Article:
Courtesy Princeton University Library

Researchers finally got their chance to explore one of the world’s best-known sealed literary archives when 1,131 letters from T.S. Eliot to his “secret muse” and confidant Emily Hale were made available Jan. 2 at Firestone Library. A library spokeswoman said they were “very popular” but declined to provide the number of researchers. 

Early readers searched the letters — most written between 1930 and 1956 — for insights into the relationship between the two, Hale’s influence on Eliot’s works, and details about his life as a poet, playwright, and critic. In his single-spaced letters, researchers told interviewers, Eliot professed his love for Hale and cited writings that she inspired, including passages of The Waste Land and Ash-Wednesday.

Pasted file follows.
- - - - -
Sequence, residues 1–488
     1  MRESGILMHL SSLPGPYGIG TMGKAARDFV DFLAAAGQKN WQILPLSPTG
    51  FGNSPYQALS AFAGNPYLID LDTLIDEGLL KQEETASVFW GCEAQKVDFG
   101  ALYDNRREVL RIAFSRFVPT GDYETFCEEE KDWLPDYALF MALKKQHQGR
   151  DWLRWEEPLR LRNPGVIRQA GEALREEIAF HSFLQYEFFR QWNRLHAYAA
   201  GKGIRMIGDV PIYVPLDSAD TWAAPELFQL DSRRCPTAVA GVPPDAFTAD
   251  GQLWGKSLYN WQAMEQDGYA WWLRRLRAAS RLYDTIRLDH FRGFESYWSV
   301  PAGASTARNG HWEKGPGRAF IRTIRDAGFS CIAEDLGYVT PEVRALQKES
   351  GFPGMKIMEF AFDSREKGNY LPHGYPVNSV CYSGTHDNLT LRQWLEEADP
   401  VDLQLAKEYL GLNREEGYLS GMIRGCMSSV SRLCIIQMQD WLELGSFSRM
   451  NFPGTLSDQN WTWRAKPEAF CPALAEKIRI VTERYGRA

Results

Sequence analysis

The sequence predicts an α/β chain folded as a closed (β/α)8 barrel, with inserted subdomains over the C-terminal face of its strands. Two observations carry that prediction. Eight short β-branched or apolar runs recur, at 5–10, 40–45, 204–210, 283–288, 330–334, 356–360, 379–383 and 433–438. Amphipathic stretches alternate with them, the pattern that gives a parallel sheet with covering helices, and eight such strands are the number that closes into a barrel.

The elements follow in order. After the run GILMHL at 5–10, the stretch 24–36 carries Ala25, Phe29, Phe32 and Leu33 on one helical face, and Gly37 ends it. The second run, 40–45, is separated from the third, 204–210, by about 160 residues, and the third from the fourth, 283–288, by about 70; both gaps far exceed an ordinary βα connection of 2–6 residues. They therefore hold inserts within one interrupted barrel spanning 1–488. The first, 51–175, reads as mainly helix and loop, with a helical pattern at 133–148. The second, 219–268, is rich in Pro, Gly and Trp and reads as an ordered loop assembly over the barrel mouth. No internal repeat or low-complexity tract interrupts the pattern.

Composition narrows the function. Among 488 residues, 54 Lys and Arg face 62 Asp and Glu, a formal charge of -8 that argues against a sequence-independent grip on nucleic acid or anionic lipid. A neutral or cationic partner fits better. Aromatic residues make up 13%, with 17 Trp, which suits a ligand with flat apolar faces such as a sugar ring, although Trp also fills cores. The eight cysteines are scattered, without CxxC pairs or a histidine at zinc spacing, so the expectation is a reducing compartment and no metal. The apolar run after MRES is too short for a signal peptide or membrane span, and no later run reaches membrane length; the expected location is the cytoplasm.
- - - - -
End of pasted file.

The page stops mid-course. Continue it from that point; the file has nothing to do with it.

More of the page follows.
Hale donated the letters in 1956 with the stipulation that they not be opened until 50 years after the death of Eliot or herself, whichever was later. After learning of Hale’s decision to donate the letters to the Princeton University Library, Eliot wrote a bitter response that was to be opened when the letters were made public. In it, he claimed that he did not truly love her, and asserted that the two had never had sexual relations. He also had Hale’s letters to him burned.

 Hale included her own three-page narrative with Eliot’s letters, writing about their relationship and how hurt she was when he did not propose to her. At least, she wrote, future biographers would not see “‘through a glass darkly,’ but … ‘face to face.’”